The Directive (EU) 2018/2011, on the promotion of energy from renewable sources, sets a specific target for the transport sector. Member States must require fuel suppliers to supply a minimum of 14% of the energy consumed in road and rail transport by 2030 as renewable energy. The contribution of biofuels produced from food and feed crops is limited up to a maximum 7%. Within that 14%, there is a dedicated sub-target for advanced biofuels (which are produced from feedstocks listed in Part A of Annex IX of the directive). These fuels must be supplied at a minimum of 0.2% of transport energy in 2022, 1% in 2025 and increasing to at least 3.5% by 2030. A specific methodology for the calculation of such shares (including different multipliers for some technologies) is provided in the directive.

According to the integrated National Energy and Climate Plan (NECP), in 2030 the share of renewable energy in transport in Spain will be 28%, well above the target established in the directive. The contribution of biofuels from food and feed crops will be 6.8% and advanced biofuels will reach 3.69%.

The main trends included in the NECP for energy consumption in transport over the next decade are the following:

  • There is a relevant decrease in final energy consumption due to increased efficiency and modal shift policies.
  • There is a very significant decrease in the consumption of oil products and natural gas as well as a sharp growth of electricity use in vehicles.

The NECP includes a specific measure for the promotion of biofuels in transport. It consists of several actions aimed at supporting biofuels production and consumption, inter alia, mandatory targets, aid programs for advanced biofuels facilities and consumption objectives for aviation biofuels. In this regard, the Draft Law on Climate Change and Energy Transition also contains provisions on the establishment of a quota obligation for sustainable aviation fuels.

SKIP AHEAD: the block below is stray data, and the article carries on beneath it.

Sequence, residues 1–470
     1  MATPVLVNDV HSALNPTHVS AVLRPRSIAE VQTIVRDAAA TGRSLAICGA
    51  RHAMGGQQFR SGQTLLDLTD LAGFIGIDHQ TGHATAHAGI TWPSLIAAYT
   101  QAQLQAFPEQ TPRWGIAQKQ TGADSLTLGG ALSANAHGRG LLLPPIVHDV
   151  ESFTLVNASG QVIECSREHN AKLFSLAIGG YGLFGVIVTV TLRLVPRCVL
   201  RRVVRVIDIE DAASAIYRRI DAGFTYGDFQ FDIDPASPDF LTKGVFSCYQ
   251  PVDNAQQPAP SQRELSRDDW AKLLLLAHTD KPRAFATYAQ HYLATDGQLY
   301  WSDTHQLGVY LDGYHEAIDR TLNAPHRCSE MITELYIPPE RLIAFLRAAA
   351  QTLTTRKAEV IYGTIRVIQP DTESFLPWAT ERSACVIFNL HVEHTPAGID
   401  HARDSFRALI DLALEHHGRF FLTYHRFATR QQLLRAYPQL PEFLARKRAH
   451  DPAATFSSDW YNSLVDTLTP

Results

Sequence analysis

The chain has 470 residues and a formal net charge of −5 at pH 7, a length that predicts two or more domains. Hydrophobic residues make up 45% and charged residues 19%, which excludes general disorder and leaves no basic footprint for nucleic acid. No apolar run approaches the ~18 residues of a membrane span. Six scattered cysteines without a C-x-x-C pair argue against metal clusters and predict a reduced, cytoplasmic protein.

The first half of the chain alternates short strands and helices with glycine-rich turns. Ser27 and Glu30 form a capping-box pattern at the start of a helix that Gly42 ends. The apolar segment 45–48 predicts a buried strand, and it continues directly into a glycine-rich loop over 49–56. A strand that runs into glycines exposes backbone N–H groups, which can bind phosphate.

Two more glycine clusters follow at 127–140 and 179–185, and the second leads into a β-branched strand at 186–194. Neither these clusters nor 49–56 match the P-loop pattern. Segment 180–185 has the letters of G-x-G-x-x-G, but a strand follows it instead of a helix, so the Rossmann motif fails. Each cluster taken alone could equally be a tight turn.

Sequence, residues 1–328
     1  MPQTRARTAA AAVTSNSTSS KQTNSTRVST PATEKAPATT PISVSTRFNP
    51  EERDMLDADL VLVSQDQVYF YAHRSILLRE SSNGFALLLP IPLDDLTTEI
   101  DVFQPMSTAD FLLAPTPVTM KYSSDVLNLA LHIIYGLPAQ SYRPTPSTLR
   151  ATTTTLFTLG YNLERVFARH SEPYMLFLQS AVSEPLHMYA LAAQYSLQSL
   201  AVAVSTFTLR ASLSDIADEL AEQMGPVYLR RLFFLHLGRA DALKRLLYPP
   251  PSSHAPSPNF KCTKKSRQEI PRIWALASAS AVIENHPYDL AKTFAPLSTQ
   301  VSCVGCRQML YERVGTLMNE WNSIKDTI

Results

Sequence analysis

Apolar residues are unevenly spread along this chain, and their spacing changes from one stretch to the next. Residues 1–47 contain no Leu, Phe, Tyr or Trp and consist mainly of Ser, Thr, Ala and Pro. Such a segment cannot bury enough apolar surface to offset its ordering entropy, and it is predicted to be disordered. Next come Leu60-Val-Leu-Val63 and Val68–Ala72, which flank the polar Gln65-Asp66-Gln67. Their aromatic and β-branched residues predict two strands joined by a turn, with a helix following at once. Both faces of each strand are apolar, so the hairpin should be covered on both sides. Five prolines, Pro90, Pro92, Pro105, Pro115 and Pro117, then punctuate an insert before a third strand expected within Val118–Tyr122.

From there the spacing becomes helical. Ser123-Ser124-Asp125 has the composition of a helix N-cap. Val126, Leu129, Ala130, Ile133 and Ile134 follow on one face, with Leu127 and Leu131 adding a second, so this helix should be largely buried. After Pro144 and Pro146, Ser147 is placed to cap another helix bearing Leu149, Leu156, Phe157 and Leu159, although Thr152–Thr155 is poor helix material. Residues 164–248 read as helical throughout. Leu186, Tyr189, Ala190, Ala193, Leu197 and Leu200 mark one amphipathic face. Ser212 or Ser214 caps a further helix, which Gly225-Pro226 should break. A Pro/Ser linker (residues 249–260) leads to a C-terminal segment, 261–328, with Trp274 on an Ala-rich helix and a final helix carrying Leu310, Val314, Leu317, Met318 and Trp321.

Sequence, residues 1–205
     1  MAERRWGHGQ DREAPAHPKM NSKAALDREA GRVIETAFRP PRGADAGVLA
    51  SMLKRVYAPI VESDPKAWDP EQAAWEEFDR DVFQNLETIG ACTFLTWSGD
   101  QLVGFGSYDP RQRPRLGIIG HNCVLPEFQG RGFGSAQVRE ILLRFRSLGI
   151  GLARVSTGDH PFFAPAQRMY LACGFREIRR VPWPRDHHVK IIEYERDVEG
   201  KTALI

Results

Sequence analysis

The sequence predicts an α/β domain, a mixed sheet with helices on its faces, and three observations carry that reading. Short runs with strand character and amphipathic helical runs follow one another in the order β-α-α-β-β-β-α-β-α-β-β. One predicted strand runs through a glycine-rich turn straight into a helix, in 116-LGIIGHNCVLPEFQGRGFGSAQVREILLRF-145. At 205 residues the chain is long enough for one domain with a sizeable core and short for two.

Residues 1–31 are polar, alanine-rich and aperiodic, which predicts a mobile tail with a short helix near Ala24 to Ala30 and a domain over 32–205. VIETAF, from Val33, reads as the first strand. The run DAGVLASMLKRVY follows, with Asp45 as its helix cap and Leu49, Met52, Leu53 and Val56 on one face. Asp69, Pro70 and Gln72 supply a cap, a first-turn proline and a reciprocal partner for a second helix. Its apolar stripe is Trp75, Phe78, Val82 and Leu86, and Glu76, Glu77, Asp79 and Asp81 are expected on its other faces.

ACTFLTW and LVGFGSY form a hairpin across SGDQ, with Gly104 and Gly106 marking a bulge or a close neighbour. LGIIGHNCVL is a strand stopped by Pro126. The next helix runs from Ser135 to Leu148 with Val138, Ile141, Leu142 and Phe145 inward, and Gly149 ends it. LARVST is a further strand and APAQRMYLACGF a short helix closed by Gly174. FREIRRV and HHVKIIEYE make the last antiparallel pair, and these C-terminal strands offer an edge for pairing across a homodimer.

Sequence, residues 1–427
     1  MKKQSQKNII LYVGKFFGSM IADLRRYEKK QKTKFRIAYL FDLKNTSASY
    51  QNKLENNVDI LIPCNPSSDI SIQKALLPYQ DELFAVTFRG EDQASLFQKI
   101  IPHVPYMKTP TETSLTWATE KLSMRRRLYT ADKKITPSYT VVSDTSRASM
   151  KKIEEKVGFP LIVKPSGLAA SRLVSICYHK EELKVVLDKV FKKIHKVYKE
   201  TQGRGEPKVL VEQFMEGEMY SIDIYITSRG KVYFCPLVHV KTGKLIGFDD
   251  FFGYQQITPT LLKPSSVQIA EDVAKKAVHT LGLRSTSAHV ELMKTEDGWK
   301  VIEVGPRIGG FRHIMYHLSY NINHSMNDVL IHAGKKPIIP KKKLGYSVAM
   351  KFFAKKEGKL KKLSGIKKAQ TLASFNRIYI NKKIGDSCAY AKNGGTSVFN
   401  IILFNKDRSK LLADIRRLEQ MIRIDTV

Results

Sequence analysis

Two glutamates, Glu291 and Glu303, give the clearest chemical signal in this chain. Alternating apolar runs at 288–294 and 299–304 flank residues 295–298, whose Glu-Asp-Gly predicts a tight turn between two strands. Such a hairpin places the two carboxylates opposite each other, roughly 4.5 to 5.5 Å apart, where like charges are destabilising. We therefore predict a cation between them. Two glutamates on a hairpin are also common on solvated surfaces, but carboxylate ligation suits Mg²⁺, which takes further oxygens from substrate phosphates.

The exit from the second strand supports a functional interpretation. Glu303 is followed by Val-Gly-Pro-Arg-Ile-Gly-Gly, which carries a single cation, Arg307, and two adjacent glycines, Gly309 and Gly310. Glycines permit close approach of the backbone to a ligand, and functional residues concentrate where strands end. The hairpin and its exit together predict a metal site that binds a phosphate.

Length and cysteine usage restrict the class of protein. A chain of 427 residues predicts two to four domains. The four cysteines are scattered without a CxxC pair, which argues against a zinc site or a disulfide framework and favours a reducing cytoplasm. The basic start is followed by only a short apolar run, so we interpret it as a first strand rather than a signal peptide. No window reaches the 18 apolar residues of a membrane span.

Additional Information Sources

  • Bioplat: Spanish Biomass Technology Platform,
  • CNMC: National Markets and Competition Commission, (in Spanish).
  • CORES: Corporación de Reservas Estratégicas (Oil Stockholding Agency), (in Spanish).
  • GASNAM: Spanish Association of Natural Gas for Mobility, (in Spanish).
  • Geoportal (MITERD): Filling Stations, (in Spanish).
  • IDAE: Instituto para la Diversificación y Ahorro de la Energía (Institute for Energy Diversification and Saving), (in Spanish).
  • MITERD: Ministry for Ecological Transition and Demographic Challenge (in Spanish).
  • PTE-HPC: Spanish Hydrogen Technology Platform, (in Spanish).

Major changes
The integrated National Energy and Climate Plan is the new framework for renewable energy in the transport sector, including biofuels. It has been developed in accordance with the revised Renewable Energy Directive for the period 2021-2030.

The “Hydrogen Roadmap: a commitment to renewable hydrogen” has been approved. It contains measures and targets for hydrogen development in Spain. As regards transport, specific milestones by 2030 have been set in relation with vehicles fleet and filling stations.

A regulation on the biofuels certification mechanism and a list of feedstock which can be used for biofuel production (including double counting raw materials) has been issued by the Biofuels Certification Entity.

A draft Royal Decree aiming to set new mandatory targets for biofuels in 2021 and 2022 has been published.

Benefits of participation in AMF
Membership in the AMF TCP provides wider and easier access to information on advanced motor fuels, as well as helpful analyses that can be used to guide national policies and programs.